The Belt and Road Initiative represents a new model of sustainable development for the world, Globalization 2.0, where social inclusiveness, equality, and individual and social well-being are featured alongside economic growth and prosperity, with equal weight given to every one of them.

Prosperity is achieved through collective, inclusive approaches, built on trust, social justice, goodwill, dialogue, and collaboration among countries.

Whereas Globalization 1.0 concerns itself only in maximizing profits, Globalization 2.0 emphasizes economic prosperity amidst equality and environmental responsibility.

Infrastructure

Infrastructure as a Key To Solve Today’s Challenges

In its formative stages, the Belt and Road Initiative will rely on making investments in infrastructure building, putting a call out to the entire world to start steering the global economy back to basic real assets and gradually away from virtual derivatives and deficit spending. Investing in infrastructure is a proven way to invest in our future, providing a foundation and an impetus for growth and development.

The term “infrastructure,” however, encompasses physical structures as well as institutions and human capabilities. Economic infrastructure includes: transportation, energy, communications, and financial services systems. Social and environmental infrastructure, however, includes water and sanitation, schools, hospitals, and healthcare systems.

Infrastructure-based economic development requires that a substantial proportion of the nation’s resources must be systemically directed to its long-term assets, such as transportation and energy, as well as social infrastructure such as schools, universities and hospitals. This defines the long-term economic efficiency of stimulating growth in economically lacking regions and fostering technological innovation and social equity, while providing free education and affordable healthcare for all.

Infrastructure is an economic driver and forms the backbone of economy in every country and the necessary input to every economic output. It is critical to a nation’s prosperity, public health, welfare, and human resources. The condition of infrastructure has a cascading impact on the nation’s economy, business productivity, GDP, employment, personal income, and international competitiveness.

Infrastructure does not favor big enterprises only, but also helps medium, small, and even individual enterprises to thrive and prosper, providing them with access to technology and pathways into markets. Such social empowerment creates opportunities, especially for individuals to lift themselves out of joblessness and poverty.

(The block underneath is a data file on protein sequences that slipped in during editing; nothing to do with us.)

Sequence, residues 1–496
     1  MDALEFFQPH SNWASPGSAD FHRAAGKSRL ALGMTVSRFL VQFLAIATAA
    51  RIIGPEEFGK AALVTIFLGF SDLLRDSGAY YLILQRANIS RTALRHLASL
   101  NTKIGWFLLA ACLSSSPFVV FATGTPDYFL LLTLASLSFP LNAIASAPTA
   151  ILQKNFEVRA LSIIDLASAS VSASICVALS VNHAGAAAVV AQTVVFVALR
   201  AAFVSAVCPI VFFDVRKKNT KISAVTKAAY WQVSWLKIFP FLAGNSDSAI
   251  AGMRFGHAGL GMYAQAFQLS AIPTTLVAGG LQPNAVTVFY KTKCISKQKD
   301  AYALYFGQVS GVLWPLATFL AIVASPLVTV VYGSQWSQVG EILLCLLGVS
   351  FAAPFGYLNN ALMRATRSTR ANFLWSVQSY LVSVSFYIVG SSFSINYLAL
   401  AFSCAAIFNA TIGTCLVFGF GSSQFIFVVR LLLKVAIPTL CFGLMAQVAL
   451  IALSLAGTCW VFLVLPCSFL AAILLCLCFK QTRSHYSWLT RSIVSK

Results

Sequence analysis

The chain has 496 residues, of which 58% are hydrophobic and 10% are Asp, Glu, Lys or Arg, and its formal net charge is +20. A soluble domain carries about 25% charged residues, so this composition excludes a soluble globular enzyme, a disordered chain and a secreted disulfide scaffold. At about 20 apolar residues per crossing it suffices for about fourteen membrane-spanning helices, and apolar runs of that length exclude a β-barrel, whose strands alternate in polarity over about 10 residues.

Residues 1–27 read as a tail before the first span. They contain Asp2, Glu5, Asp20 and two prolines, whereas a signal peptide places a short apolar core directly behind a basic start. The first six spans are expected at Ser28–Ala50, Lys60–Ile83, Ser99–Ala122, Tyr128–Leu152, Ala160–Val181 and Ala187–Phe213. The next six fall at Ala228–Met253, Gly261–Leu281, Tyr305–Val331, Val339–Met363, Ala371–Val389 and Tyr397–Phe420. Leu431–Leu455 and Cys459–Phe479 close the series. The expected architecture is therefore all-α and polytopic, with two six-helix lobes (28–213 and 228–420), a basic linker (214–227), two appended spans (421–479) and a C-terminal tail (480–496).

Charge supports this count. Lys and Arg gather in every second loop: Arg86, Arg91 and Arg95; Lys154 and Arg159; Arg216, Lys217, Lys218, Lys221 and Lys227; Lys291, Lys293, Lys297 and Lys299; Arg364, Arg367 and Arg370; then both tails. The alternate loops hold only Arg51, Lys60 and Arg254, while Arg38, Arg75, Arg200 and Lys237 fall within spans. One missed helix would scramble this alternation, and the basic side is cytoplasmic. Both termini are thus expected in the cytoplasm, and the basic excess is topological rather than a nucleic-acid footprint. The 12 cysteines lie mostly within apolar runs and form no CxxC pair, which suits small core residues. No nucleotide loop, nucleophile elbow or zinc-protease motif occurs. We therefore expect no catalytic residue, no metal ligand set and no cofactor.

The United Nations’ “2030 Agenda for Sustainable Development” notes that infrastructure investments in transport, irrigation, energy, information, and communication technologies are crucial to achieving sustainable development and empowering communities in many countries. It has long been recognized that growth in productivity and incomes, and improvements in health and education outcomes require investments in infrastructure.

However, there are multiple challenges in building sustainable infrastructure. First and foremost, the global infrastructure gap is a significant challenge:

• 2.6 billion people face difficulty in accessing electricity full time,

• 2.5 billion people lack access to basic sanitation,

• 800 million people lack access to water, many hundreds of millions of them in sub-Saharan Africa and South Asia,

• 1-1.5 billion people do not have access to reliable phone services.

The “Addis Ababa Action Agenda” addressed the need to bridge the infrastructure gap in developing countries, requiring an expenditure of $1-$1.5 trillion annually.

Even in many developed western nations, much of the basic infrastructure is out of date, at least a half-century old, and needs renovation, especially that in the United States. Infrastructure projects lack sufficient investment by the public and private sectors. And most big infrastructure projects run twenty months late and eighty percent over budget.

The Belt and Road Initiative is a grand vision. Unlike other regional cooperation projects, which are for a fixed policy agenda and a set mechanism similar to the Marshall Plan, the Belt and Road Initiative is a grand vision, providing infinite room for creative solutions and possibilities in implementation. The Belt and Road is ambitious and farsighted, but at the same time, also flexible, accommodating, and adaptable to new conditions and challenges. It provides an overarching theme and umbrella under which any form of cooperation can be made possible. Governments, businesses, think tanks, and populations can contribute continuously to this initiative, as well as to new interpretations and new content, enriching its material so as to further cooperation and shared benefits.

Globalization 2.0

We all have different pasts, but we also have a common future to face. The Belt and Road Initiative is a visionary strategy for sustainable growth and development that is inclusive of all mankind. This is not only for China, but a model for all countries and all peoples. Motivated by goodwill, China is inviting people and countries along the Belt and Road to build a community of shared interest and common destiny, a community where no one is left behind, and no one has to take second place.

Simply put: The Belt and Road Initiative is neither about seeking a sphere of influence, nor striving for hegemony. It is about connecting countries and peoples, accommodating differences, embracing diversities, realizing potentials, sharing capacities, and enabling various goals and prospects.

It is a positive endeavor to seek new models of international cooperation and global governance, and will inject new positive energy into world peace and development. It paves the way for building a community of common destiny for all mankind.

Promise of the BRI for the U.S.A.

When the Belt and Road Initiative was launched in 2013, we knocked on American doors, which did not open. . . . And today, we are banging on Mr. Trump’s door, and chanting “Open, Sesame!” Ladies and gentlemen, I think after today’s discussion, I must say our “Open, Sesame!” is a big yell to the new American administration to reconsider the Belt and Road Initiative as an impetus to rethink and realign U.S. foreign policy for a new century.